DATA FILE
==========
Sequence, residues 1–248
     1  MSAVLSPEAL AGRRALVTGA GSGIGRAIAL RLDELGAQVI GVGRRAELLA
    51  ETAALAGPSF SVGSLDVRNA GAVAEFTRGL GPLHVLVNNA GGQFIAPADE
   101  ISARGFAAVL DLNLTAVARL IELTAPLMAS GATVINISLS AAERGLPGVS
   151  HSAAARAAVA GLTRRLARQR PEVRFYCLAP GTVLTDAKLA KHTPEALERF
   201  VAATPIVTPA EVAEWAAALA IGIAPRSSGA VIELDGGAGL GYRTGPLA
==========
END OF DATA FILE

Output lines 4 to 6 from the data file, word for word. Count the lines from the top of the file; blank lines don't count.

   101  ISARGFAAVL DLNLTAVARL IELTAPLMAS GATVINISLS AAERGLPGVS
   151  HSAAARAAVA GLTRRLARQR PEVRFYCLAP GTVLTDAKLA KHTPEALERF
   201  VAATPIVTPA EVAEWAAALA IGIAPRSSGA VIELDGGAGL GYRTGPLA